In fact, in my own manually focusing, I find myself hunting and seeking all the time: I focus, then punch in to check, then slightly overcorrect focus to see where the sharpest point is, then come back to it. Then punch out, and roll. So when I realized that Canon’s autofocus just goes to the sharpest point and locks there, I was very impressed. In that way, it focuses better (faster) than my human eye.

Canon provides two autofocus modes: one-shot and continuous. Unfortunately you can’t map the buttons to continuous – just to one-shot. This means if you want to switch between continuous and one-shot, you have to drill into the camera menu, a cumbersome process. I hope Canon makes continuous focus a mappable option in a future firmware update.

Continuous autofocus will attempt to keep whatever is in the center of the frame in focus. One-shot focuses to the point you’ve selected, and stays put regardless of where your subject moves after that. In practice I almost never used continuous focus. But it is very handy when a subject is coming toward you, such as a push-in shot. It’s also great for those times when you can’t touch the focus ring – such as when the camera is mounted in a Movi.

And here’s my first gripe: it’s only possible to focus in the dead center of the frame. In practice this isn’t so bad, because you can focus, reframe, and roll. But it would be very nice to be able to (as you already can with the Canon 70D) assign the autofocus area to another part of the screen. I found myself favoring the center of the screen for my compositions more than I normal would have done.

While shooting at the wedding, I loved the confidence that having autofocus gave me. It speeded up my work. Instead of squinting intently into the frame, I could center the subject, press one-shot, get focus confirmation, and roll without wondering whether my shot was focus. If the person moved, I could again press one-shot and get focus confirmation without interrupting my shot. Because there is so much to cover so quickly during a wedding, I found myself simply letting the camera roll, reframing a new shot, focusing, and repeat as needed.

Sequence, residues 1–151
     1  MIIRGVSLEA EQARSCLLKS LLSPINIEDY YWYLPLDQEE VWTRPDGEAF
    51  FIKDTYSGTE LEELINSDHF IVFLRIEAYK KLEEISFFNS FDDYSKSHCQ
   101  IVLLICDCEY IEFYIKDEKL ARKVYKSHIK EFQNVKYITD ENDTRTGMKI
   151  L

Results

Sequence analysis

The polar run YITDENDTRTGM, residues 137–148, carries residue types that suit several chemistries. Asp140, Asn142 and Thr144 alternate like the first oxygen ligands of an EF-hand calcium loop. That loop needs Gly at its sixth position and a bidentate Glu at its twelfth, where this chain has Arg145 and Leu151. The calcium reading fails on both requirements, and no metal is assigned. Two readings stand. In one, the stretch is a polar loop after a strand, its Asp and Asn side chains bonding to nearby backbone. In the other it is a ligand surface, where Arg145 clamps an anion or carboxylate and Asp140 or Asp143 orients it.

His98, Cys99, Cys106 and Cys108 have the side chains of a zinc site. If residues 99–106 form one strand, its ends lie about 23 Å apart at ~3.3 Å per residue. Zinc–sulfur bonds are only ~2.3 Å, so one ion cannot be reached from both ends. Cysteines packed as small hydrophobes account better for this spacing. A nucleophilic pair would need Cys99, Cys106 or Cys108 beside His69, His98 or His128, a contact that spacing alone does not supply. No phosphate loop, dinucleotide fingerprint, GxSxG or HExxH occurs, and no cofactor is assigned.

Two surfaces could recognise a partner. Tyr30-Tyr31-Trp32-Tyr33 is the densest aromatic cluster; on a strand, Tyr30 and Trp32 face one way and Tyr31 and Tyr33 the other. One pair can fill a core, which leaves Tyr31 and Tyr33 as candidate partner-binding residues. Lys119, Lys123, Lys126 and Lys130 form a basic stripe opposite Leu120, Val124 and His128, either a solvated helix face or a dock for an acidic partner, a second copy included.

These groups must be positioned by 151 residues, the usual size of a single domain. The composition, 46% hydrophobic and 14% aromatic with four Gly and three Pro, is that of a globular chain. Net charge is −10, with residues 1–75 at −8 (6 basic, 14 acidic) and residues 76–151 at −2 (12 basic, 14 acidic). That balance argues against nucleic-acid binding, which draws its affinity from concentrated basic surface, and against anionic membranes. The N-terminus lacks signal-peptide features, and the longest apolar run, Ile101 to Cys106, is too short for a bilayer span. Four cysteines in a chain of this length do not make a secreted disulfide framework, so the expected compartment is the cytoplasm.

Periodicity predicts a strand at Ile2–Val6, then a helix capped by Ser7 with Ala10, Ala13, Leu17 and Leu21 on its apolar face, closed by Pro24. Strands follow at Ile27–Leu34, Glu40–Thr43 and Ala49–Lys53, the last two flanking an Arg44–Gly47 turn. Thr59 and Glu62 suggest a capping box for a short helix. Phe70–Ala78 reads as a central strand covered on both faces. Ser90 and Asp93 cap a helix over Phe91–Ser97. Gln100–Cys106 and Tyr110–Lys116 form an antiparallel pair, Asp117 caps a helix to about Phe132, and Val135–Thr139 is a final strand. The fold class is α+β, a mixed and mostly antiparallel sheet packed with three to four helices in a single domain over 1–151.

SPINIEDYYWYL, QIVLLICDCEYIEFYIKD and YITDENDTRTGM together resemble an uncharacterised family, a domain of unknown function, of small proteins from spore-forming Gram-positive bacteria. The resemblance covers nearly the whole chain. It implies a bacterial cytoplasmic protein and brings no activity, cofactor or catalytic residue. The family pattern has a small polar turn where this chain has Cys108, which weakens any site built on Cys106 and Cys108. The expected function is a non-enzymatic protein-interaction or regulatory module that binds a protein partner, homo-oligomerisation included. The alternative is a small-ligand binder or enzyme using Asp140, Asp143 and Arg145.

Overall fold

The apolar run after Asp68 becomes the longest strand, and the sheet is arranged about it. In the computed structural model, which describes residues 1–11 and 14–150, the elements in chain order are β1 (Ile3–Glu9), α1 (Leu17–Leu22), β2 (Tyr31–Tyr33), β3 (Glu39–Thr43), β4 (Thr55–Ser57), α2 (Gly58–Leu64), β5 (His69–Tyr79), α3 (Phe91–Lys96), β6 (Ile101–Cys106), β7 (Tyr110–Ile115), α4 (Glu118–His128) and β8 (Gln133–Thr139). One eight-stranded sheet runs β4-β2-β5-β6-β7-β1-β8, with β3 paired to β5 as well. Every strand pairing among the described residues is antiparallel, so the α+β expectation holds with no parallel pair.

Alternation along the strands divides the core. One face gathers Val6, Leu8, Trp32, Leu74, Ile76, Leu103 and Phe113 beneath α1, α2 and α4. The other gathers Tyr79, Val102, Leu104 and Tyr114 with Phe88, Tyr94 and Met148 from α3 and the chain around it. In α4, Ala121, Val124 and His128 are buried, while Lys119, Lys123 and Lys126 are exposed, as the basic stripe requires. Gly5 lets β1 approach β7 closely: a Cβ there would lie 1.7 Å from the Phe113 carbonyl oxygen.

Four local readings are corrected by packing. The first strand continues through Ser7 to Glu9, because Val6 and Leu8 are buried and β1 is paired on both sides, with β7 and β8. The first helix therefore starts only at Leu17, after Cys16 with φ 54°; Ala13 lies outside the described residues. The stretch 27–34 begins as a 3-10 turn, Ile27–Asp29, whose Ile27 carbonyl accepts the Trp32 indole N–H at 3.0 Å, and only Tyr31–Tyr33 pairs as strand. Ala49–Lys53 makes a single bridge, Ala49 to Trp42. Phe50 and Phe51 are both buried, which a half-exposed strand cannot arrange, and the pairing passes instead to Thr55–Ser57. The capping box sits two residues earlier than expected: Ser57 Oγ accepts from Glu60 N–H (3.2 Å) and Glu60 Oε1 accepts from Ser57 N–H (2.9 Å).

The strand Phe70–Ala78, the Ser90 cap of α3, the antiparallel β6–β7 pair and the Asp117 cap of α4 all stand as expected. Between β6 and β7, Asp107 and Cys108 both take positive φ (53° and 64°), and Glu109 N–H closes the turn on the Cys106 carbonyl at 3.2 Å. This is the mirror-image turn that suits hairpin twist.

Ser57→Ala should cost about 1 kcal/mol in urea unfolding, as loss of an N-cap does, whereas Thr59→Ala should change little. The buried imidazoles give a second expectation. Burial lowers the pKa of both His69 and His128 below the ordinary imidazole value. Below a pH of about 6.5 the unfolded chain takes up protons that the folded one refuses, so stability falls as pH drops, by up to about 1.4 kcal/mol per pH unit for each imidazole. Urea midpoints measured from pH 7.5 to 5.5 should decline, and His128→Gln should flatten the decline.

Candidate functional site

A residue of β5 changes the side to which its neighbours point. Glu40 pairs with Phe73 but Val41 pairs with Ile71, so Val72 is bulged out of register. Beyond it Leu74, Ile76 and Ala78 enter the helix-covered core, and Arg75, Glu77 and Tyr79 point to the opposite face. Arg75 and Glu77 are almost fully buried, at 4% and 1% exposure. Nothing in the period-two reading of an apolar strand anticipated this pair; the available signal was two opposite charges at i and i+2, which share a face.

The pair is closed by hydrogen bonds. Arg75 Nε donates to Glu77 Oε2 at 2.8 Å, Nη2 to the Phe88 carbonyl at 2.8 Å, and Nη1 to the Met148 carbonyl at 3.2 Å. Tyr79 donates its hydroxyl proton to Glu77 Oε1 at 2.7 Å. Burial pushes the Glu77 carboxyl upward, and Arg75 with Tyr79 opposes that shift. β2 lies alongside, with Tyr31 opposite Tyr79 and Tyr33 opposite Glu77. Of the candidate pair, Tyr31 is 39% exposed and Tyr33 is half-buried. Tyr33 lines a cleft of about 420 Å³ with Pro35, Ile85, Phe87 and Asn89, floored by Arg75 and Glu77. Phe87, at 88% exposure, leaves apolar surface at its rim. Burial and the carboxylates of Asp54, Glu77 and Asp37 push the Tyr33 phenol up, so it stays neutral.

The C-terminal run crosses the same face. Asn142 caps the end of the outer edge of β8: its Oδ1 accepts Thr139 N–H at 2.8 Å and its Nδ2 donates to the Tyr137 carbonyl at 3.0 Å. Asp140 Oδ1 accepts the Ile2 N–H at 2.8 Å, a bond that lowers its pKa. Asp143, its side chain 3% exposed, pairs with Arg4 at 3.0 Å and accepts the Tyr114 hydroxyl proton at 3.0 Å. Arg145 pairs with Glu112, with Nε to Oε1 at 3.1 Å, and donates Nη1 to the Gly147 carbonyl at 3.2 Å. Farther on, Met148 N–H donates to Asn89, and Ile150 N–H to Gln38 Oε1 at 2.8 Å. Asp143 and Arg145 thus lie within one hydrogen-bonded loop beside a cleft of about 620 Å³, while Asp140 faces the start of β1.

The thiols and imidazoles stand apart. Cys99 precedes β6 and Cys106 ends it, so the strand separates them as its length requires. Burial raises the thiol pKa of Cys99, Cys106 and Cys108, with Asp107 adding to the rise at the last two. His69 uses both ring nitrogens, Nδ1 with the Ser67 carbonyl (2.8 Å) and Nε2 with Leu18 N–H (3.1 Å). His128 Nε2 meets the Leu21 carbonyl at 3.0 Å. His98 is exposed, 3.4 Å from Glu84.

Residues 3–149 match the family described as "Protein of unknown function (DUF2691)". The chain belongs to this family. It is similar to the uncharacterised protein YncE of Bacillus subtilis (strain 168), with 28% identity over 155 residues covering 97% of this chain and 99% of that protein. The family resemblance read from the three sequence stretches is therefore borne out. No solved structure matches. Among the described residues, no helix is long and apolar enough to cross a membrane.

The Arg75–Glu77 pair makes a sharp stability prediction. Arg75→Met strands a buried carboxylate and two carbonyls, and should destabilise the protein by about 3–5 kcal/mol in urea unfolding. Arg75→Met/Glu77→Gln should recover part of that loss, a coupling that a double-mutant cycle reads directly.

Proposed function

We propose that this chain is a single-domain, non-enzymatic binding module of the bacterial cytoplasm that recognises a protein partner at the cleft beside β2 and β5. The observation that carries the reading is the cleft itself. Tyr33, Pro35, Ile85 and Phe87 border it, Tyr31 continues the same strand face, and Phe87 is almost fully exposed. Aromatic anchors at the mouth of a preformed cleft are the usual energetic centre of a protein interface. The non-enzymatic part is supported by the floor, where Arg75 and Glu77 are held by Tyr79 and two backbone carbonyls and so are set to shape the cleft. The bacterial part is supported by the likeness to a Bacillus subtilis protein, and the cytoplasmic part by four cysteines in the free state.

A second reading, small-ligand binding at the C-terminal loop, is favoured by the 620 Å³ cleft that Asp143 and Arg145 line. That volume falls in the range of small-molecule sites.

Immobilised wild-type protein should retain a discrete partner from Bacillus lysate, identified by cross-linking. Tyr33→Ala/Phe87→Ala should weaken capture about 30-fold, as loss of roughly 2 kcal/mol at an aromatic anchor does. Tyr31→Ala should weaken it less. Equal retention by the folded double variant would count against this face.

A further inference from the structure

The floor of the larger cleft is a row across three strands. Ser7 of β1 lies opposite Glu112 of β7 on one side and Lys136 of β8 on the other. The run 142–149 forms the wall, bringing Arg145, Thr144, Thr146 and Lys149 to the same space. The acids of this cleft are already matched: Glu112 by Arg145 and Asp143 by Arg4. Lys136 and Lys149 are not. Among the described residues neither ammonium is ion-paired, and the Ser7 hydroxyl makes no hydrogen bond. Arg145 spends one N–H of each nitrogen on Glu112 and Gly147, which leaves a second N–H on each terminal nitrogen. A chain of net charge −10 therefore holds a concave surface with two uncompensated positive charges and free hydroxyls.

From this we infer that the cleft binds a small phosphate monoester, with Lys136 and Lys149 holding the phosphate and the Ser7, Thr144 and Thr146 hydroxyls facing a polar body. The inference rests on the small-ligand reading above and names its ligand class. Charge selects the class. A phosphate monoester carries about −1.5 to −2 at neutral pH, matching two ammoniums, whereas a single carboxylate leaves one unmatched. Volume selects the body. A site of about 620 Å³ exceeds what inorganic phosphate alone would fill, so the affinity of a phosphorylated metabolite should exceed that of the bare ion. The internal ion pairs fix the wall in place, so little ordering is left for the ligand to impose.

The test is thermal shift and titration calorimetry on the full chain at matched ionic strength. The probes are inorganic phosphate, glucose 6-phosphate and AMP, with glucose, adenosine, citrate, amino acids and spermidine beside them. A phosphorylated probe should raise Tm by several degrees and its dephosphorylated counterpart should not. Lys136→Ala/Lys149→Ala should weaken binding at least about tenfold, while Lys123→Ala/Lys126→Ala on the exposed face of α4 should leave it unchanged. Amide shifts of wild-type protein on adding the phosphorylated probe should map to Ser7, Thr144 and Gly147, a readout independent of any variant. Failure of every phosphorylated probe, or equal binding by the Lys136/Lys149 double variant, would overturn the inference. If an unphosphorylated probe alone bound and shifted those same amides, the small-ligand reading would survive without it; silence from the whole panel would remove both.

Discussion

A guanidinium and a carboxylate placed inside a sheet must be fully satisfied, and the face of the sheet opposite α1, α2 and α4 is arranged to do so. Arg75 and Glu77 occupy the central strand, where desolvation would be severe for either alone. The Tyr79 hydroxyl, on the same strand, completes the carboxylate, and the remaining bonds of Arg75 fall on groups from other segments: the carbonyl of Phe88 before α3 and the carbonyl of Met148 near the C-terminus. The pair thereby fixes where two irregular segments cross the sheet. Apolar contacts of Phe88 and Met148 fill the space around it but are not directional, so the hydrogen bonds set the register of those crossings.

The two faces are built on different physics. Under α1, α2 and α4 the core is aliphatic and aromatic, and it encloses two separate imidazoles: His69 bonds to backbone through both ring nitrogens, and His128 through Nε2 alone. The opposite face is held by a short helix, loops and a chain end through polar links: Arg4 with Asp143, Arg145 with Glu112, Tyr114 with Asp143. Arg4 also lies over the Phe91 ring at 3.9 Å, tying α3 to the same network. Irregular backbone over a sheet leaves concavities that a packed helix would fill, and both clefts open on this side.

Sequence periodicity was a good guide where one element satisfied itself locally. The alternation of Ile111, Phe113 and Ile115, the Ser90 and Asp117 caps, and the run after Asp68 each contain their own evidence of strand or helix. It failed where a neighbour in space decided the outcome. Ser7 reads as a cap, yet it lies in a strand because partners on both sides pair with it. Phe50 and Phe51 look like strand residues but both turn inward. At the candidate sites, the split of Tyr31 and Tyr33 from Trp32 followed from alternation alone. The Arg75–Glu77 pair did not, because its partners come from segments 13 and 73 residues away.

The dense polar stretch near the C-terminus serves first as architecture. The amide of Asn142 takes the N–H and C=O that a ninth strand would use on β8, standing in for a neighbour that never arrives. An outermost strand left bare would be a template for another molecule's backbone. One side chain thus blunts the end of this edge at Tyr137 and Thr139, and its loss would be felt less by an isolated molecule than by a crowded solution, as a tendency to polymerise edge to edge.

The nagging feeling of “did I get that in focus?” that so often haunts me at the end of a good shot just melted away as I became more and more confident. Instead of concentrating on focus, I found myself concentrating on framing, on getting the right angle, on moving the camera to where it needed to be for the next shot. But of course, it wasn’t perfect.

I noticed that low-contrast or dimly lit subjects sometimes presented an autofocus challenge to this camera. In low light, I occasionally saw the hunting and seeking behavior that has plagued lesser video autofocus. But it doesn’t take long to figure out what situations I had to manually take over, and which I could trust the camera to handle. And, asserting focus is as simple as grabbing the focus ring. You don’t have to enable or disable autofocus first with Canon glass. You just leave autofocus enabled on the lens, and focus manually as needed. With one-shot, it won’t fight you.

On a few rare occasions, I noticed that the camera seemed to fasten onto a background object rather than focus into the foreground as I wanted it to. These were situations with a low-contrast object in foreground against a high-contrast object in background.

As the day went on, I wondered whether my near-constant use of autofocus would cause the battery to run out faster. It didn’t. I shot the entire event on a single Canon BP-955 battery. It had 25 percent of it’s life left at the end of the day. So the C100 does what it does without being a battery hog. Pretty incredible.

When I reviewed my footage afterward, I noticed something I haven’t seen in my footage before: shots that snapped into focus and stayed focused. Instead of my rocking back and forth to settle on focus, it just went straight to it with authority, meaning that I could react more quickly to a moment and nail it.

Before the C100, I could count on some percentage of my shots (maybe 10 percent?) being slightly soft. With the C100, virtually all of my shots are spot-on. Focus becomes a framing exercise, rather than a squinting exercise. And the result is renewed confidence. The C100’s autofocus isn’t perfect, but for covering events like a wedding, at least, it’s already better than my eyes. And that’s good enough for me.


One ring to rule them all: seamless focus gears by mechanical engineer Sean McCurry